Goldman Sachs Group, Inc. (NYSE:GS) has outperformed the S&P 500 so far this year, thanks at least in part to a quarterly report which beat analyst expectations. In the fourth quarter of 2012, earnings were more than double what they were a year earlier and earnings per share came in about 50% above analyst expectations. Non-interest revenue grew by 28% in the year as a whole (led by growth in market making activities), offsetting a decline in net interest income.
2012 earnings per share were $14.13, placing Goldman Sachs Group, Inc. (NYSE:GS) at a valuation of 10 times trailing earnings. That multiple would generally place a stock in value territory as long as its business was sustainable. Even if Goldman’s earnings growth last year was generally recovering from a poor 2011, as long as it can continue to generate a similar level of earnings per share it could be attractive at this price. Wall Street analysts expect just above $15 in EPS for 2014, making for a forward P/E of 10 as well. Goldman Sachs Group, Inc. (NYSE:GS) also trades right about at the book value of its equity; a bull would argue that the company’s strong brand among its customers merits a premium, while bears might argue that financials in general have overstated book values. Given the company’s success in generating income from these assets- as seen by the low earnings multiple- we would doubt that book values are very inflated.
We track quarterly 13F filings from hedge funds and other notable investors, using this information to develop investing strategies (for example, we have found that the most popular small cap stocks among hedge funds generate an average excess return of 18 percentage points per year). We can also use our database to see which filers had large positions in Goldman Sachs Group, Inc. (NYSE:GS) as of the end of December. We see that Boykin Curry’s Eagle Capital Management, even after cutting its stake in the investment bank, owned 2.6 million shares (find Eagle’s favorite stocks). Orbis Investment Management, managed by William Gray, was buying Goldman and reported ownership of 1.6 million shares (see Orbis’s stock picks).
Morgan Stanley (NYSE:MS) is Goldman’s closest peer in the sense of being a pure-play investment bank. Morgan Stanley trades at a discount: specifically, the forward earnings multiple is only 8 and the P/B ratio is 0.7 (reflecting that the market cap is significantly below the book value of Morgan Stanley’s equity). The bank did not have as good a year in 2012 as Goldman did, however, with trading revenues, commissions, and fees powering a 32% decrease in non-interest revenue. As such the stock is cheaper, but the business has been performing poorly.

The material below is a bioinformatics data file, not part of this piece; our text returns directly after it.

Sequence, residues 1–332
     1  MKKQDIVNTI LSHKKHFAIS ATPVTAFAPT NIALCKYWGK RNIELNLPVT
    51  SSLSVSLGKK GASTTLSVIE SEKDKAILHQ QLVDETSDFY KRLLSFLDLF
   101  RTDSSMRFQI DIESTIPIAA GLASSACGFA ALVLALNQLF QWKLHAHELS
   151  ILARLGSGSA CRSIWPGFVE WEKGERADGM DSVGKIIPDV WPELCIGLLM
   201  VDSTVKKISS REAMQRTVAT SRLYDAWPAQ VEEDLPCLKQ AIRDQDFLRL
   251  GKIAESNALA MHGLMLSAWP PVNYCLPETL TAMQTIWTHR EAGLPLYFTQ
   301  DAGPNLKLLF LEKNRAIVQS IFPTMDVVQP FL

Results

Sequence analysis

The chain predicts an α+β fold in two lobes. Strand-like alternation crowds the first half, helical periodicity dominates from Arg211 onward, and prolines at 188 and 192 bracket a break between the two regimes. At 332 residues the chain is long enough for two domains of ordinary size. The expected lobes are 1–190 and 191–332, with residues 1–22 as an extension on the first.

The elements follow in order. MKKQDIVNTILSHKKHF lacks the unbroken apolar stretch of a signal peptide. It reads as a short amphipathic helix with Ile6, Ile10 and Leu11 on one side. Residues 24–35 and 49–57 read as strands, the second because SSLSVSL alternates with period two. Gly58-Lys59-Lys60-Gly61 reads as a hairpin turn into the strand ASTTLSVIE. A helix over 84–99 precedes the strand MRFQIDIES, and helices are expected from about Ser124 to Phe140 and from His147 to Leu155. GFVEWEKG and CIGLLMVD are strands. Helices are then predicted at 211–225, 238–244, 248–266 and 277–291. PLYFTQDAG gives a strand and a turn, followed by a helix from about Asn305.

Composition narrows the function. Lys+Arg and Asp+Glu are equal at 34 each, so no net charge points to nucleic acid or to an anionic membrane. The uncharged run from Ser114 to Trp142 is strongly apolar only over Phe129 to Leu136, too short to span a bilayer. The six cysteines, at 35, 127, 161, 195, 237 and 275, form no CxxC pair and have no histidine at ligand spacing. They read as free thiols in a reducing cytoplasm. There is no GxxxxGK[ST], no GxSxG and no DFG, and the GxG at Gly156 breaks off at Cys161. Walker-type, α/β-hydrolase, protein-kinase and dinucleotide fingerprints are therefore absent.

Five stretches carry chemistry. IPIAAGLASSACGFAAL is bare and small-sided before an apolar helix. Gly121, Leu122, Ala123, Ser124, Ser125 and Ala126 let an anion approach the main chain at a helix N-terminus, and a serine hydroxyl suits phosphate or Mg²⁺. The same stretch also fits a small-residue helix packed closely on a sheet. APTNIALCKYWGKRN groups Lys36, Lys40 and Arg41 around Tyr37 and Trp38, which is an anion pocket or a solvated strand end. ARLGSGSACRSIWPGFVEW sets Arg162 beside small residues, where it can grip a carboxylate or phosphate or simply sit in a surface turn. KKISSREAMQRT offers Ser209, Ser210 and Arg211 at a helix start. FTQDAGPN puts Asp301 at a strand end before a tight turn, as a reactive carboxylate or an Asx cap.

We can also compare Goldman Sachs Group, Inc. (NYSE:GS) to megabanks such as JPMorgan Chase & Co. (NYSE:JPM), Wells Fargo & Co (NYSE:WFC), and Citigroup Inc. (NYSE:C) with both retail and investment banking operations. The bank is well in line with where JPMorgan Chase and Wells Fargo are valued in terms of those companies’ trailing earnings, and both of those peers experienced an increase in net income of over 20% in their most recent quarter compared to the same period in the previous year. Wells Fargo does carry a fairly large premium to book value (the P/B ratio is 1.3) but similarly to Goldman the company appears to be doing quite well at monetizing these assets. JPMorgan Chase and Wells Fargo also pay dividend yields in the range of 3%. Citi, meanwhile, is more dependent on an improvement in its financials. It did grow its earnings nicely in its most recent quarterly report compared to Q4 2011, and analysts are expecting good performance in the next couple years resulting in a forward P/E of 8, but we think it might be worth sticking with the more dependable banks.
We aren’t sure a pure-play investment bank is necessarily a better investment, so we’d be quite interested in looking more closely at JPMorgan Chase and Wells Fargo. In terms of Goldman Sachs versus Morgan Stanley, there is a gap in valuation but Goldman has been a considerably stronger performer recently. Since the stock looks cheap on an absolute basis, we think it makes a better prospect for further research until the relative difference between the two banks’ growth rates changes.
Disclosure: I own no shares of any stocks mentioned in this article.